The future of Eastlake Avenue: SDOT multimodal study poses difficult tradeoffs
Issues in SDOT’s proposals to redesign Eastlake Ave. to accommodate a “rapid ride” bus line and a barrier-separated cycle track
The Seattle Department of Transportation (SDOT) is now engaged in a study of redesigning Eastlake Avenue for a streetcar or a “rapid ride” bus line and a protected bike lane (as explained below, SDOT has said that it does not intend to recommend a streetcar, although the study apparently could enable a streetcar to be substituted for a bus line in the future). The project web site is http://www.seattle.gov/transportation/RooseveltHCT.htm, where you will find a lengthy Existing Conditions report and the documents from a series of SDOT open houses.
SDOT’s decisions on these topics are moving swiftly, and it is getting urgent for the Eastlake Community Council and the neighborhood to work out a preferred position so that these decisions don’t pass us by. The ECC board is intensively looking at these questions, and welcomes your suggestions, to email@example.com. Below are links to letters that ECC has written to SDOT, responses that ECC has received from SDOT. ECC is disappointed that the first three SDOT response letters were on the whole not very substantive and were somewhat dismissive of our major concerns. We hope that by its actions SDOT will provide fuller and better response in the near future.
(1) January 7, 2016 ECC letter to SDOT (click here for the letter) expressing concern that both options currently on the table would eliminate the center turn lane along with its landscaped median islands; the letter outlines negative impacts for traffic flow and safety, transit, truck loading, bicycles, and pedestrians from loss of the center turn lane. Click here for the SDOT response letter.
The Eastlake Community Council has long supported efforts to improve transit and bicycling in and through our neighborhood. However, Eastlake Avenue is only 50 feet from curb to curb, and so efforts to facilitate transit and bicycling must be balanced with efforts to protect and improve safe traffic flow and the safety of pedestrians and bicyclists in crossing Eastlake Avenue. It is also important to protect other neighborhood streets from cut-through traffic; and to preserve or increase parking and preventing additional parking demand.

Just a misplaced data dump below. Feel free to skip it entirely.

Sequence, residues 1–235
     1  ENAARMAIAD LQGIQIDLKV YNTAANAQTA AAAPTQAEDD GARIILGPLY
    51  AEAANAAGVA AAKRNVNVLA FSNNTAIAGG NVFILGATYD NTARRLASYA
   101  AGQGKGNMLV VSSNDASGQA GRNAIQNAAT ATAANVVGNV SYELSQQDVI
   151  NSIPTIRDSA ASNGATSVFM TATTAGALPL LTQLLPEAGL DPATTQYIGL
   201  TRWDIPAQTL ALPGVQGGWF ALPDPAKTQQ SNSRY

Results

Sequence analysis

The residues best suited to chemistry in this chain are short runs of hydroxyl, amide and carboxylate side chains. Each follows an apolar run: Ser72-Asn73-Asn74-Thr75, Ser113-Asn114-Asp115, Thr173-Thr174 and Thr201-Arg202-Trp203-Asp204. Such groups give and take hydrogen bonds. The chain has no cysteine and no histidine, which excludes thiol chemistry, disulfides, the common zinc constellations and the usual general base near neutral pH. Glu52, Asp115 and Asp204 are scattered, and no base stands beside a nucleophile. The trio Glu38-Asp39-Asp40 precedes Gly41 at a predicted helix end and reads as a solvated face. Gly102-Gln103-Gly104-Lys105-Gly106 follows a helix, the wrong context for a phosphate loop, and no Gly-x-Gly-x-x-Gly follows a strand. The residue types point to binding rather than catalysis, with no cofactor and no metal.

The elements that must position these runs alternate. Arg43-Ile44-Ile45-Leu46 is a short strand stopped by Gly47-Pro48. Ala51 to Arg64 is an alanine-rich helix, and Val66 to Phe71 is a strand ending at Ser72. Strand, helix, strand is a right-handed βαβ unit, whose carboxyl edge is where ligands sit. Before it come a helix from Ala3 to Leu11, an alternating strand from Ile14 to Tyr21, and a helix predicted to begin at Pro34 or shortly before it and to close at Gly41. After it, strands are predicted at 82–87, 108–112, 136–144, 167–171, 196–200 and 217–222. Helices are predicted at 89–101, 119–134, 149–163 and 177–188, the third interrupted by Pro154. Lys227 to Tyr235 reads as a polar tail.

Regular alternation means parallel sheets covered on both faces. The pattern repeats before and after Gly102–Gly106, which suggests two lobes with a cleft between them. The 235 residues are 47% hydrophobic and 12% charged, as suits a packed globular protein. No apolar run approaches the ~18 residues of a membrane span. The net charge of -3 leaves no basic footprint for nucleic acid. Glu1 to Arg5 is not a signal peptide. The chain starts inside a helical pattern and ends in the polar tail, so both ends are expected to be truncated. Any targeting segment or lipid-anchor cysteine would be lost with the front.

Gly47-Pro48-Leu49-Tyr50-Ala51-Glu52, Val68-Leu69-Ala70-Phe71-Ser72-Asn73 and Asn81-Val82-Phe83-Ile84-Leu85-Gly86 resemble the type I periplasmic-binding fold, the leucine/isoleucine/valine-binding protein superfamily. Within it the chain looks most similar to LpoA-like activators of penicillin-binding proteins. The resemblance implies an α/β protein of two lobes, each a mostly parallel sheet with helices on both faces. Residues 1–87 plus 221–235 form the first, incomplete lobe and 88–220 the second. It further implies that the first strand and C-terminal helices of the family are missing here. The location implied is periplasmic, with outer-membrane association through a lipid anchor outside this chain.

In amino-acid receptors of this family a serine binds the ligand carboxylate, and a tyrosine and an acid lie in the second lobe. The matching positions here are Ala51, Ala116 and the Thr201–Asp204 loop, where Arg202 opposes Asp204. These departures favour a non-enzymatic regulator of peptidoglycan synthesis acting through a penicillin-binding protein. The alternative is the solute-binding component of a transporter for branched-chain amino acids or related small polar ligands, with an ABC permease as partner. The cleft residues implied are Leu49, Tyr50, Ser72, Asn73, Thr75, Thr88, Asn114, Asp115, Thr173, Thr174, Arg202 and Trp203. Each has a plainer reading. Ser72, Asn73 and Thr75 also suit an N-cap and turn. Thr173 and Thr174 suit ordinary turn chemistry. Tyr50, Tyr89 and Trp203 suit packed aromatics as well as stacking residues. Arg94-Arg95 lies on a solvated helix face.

In the proposed transportation levy that was passed by the voters Nov. 3, the Mayor and City Council didn’t propose extending the South Lake Union streetcar along Eastlake Avenue to the University District—largely because the cost would be many times that of “bus rapid transit.” The levy made $104 million available for “seven transit plus multimodal corridor projects, redesigning major streets with more frequent and reliable buses, upgraded paving, signals and other improvements to improve connectivity and safety for all travelers, whether walking, biking, driving, or taking transit.”
The Mayor’s March “Move Seattle” (p. 56) proposed the “Roosevelt to Downtown Complete Street” that would include “bus rapid transit” and a barrier-protected “cycle track” for two-way bicycle travel through Eastlake. However, the levy ordinance that the City Council passed on June 29 and which the voters approved on Nov. 3 doesn’t specifically require that it be among the seven corridors funded. SDOT is now saying that $30 million is available for the Roosevelt to Downtown Complete Street.